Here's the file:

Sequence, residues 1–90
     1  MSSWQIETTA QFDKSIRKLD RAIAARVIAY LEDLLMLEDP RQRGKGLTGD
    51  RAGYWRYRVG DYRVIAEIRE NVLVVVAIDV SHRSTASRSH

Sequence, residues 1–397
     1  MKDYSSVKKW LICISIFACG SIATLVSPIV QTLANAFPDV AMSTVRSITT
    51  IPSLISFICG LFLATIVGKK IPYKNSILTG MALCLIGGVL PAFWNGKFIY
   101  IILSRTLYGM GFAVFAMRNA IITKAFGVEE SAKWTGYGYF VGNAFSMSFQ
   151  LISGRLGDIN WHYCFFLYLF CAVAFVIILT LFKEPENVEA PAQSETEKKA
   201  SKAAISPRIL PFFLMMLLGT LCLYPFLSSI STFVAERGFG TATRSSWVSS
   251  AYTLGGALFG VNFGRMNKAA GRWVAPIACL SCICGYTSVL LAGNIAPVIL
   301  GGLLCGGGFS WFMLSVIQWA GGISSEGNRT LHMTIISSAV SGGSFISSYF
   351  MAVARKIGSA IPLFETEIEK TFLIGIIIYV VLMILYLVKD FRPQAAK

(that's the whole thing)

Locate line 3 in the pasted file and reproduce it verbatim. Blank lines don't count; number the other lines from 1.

    51  RAGYWRYRVG DYRVIAEIRE NVLVVVAIDV SHRSTASRSH